6 Stand-Out June 2023 Poetry Collections

June is for reading poolside, tucking a poetry collection into your plane carry-on, and staying up late reading beside an open window. As the weather gets warmer and your summer schedule gets busier, take some time to unwind with this season’s hottest poetry collections. Here are six we’ve been waiting for. 


1. Maybe Today by SK Williams

Release date: June 6


We might be heading into summer, but the latest release from SK Williams—a collaborative poetry duo that’s amassed more than 50 thousand followers on Instagram—promises to take readers on a journey through every season. With sections titled “fall,” “winter,” “spring,” and “summer,” Maybe Today reflects the relatable ups and downs of everyday life, juxtaposing loneliness and togetherness, grief and joy, and other universal emotions. The illustrated poetry collection pairs this in-depth writing with whimsy and serenity, as each original drawing takes inspiration from nature. 


2. Gay Poems for Red States by Willie Edward Taylor Carver Jr.

Release date: June 6


Willie Edward Taylor Carver Jr.’s debut poetry collection, Gay Poems for Red States, is a testament to the nuances of personal identity and how we carry them with us throughout our daily life. Before gaining prominence as a poet, the queer Applachian writer shared his story with outlets like Education Week, NBC News, and The Advocate, going viral on social media and even making headlines internationally. Carver, a former high school English and French teacher who won the Kentucky Teacher of the Year Award, faced pressure to hide his queer identity from his students, coworkers, and surrounding community, leading him to leave the profession. This collection lends a poetic perspective to that pivotal experience, while also speaking to larger themes of Applachian queerness, resistance, and the act of reclaiming one’s home. 


3. When I Walked, I Cried to Dream Again by A. Van Jordan

Release date: June 6


A. Van Jordan has received a Guggenheim Fellowship, won the Whiting Award, and been a finalist for the NAACP Image Award. He builds on this legacy with When I Walked, I Cried to Dream Again, his fifth collection and one that nods to both classic literary influences and tumultuous, modern-day events. Jordan draws parallels between Black Shakespearean characters—including Othello, Aaron the Moor, and Caliban—and Black men and boys killed by the police. Through this unexpected but breathtaking connection, Jordan evokes police brutality and violence as a tragedy, as well as examines some of our most enduring cultural scripts to honor the glory, humanity, and complexity of Blackness. Jordan also identifies the ways in which societal understandings of race and identity have both changed and stayed painfully the same, reigniting a historical call to protest and action.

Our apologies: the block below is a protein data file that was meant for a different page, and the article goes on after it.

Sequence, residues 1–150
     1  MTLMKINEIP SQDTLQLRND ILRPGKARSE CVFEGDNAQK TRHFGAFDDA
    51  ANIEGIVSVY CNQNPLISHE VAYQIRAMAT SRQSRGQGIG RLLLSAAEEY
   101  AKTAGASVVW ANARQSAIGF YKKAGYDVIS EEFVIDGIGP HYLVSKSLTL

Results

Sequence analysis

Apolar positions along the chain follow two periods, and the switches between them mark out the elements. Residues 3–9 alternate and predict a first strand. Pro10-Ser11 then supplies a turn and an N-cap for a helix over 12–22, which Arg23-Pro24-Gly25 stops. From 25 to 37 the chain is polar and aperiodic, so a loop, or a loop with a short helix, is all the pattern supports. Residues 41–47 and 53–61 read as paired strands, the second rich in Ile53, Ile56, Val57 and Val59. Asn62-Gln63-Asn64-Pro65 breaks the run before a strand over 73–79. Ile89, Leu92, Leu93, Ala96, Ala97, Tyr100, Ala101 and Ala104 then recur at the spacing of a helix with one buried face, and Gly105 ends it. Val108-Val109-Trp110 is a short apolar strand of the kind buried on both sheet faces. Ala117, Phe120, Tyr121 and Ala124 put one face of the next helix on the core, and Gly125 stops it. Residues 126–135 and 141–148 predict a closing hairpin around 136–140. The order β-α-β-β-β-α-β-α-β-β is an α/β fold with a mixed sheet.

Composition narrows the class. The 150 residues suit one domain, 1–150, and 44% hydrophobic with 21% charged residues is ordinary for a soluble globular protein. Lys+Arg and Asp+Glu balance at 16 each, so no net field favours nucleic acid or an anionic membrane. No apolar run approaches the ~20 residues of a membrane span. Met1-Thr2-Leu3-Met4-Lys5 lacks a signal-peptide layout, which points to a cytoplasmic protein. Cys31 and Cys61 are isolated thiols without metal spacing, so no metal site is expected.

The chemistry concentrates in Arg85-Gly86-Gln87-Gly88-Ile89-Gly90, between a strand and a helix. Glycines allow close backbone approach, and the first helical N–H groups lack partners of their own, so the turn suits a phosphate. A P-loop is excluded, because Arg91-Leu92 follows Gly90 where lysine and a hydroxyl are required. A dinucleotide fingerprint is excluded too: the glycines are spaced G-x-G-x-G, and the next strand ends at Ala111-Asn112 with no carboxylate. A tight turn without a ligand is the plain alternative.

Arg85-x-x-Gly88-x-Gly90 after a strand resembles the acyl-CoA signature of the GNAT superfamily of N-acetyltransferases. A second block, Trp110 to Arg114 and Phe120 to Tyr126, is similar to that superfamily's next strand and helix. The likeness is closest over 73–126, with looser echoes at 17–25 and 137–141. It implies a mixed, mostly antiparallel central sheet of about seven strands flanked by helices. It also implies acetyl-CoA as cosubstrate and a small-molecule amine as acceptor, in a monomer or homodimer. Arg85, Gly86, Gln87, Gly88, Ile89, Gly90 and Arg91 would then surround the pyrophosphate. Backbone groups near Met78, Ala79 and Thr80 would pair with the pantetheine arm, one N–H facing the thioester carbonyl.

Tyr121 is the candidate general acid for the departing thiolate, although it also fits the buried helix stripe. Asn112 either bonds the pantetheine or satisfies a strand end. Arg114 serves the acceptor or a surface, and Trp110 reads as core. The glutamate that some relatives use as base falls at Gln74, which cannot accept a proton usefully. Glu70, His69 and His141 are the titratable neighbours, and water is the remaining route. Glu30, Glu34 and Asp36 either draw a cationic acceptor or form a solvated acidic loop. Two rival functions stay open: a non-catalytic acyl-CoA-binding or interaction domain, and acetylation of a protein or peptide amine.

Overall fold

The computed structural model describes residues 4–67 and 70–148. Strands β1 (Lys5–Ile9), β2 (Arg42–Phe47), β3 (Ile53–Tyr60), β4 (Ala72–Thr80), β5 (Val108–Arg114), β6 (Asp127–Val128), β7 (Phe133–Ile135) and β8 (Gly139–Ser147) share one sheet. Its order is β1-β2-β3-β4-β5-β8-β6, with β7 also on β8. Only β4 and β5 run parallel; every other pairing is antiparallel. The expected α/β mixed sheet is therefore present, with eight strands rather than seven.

4. Toska by Alina Pleskova

Release date: June 13


The theme of Toska can be summed up by its title, a Russian word that captures a longing and melancholy without one central cause. In this debut poetry collection, Alina Pleskova wades through this oftentimes all-encompassing feeling, exploring its connections to sinister and escalating forces like late-stage capitalism, white supremacy, and xenophobia. Alongside this deep sadness, Pleskova writes with equally charged and powerful desire, envisioning how the prevalence of toska might lead us to a liberatory, transformed, and joyful world. She also contrasts today’s epidemic of alienation and loneliness with new visions of pleasure, togetherness, and community. 


5. Self-Love for Small-Town Girls by Lang Leav

Release date: June 13


Lang Leav has published more than 10 titles spanning both fiction and poetry, enchanting readers with her musings on romance and heartbreak. While Leav’s writing has often focused on relationships, Self-Love for Small-Town Girls takes an even more personal angle, as Leav turns inward to explore her connection with herself. Along with its inner focus, Self-Love for Small-Town Girls is also the most wide-spanning of Leav’s works, following its author through decades and across countries to reveal how the most important lessons manifest through time. The tangible outside world, the private interior world, and the imaginative, fictional worlds of Leav’s own creation all collide as she considers what it means to be a woman in each setting. 


6. Negative Money by Lillian-Yvonne Bertram

Release date: June 27


In Matthew Zapruder’s review of Lillian-Yvonne Bertram’s most recent collection, Negative Money, he writes, “I want to hand this book to everyone I know and say: this is what poetry can do.” Just as this review suggests, Bertram—who has won a National Endowment for the Arts fellowship and been longlisted for the National Book Award—pushes the constraints of poetry in Negative Money, taking boundless, exciting risks with both poetic forms and subject matter. Bertram navigates between sonnets, acrostics, and visual poetry to make an argument about the systems readers find themselves trapped within. Negative Money both admonishes and mourns these oppressive circumstances, decrying racism, sexism, and wealth inequality. Bertram not only calls out these systems, but she links them to emotional outcomes like alienation and exhaustion, pointing out how the difficulties of everyday life are fraying our ability to love and make genuine connections. In spite of this dark landscape, however, Negative Money is an inspirational, urgent examination of how escapable these systems are and what’s waiting for us on the other side of injustice.


Happy reading!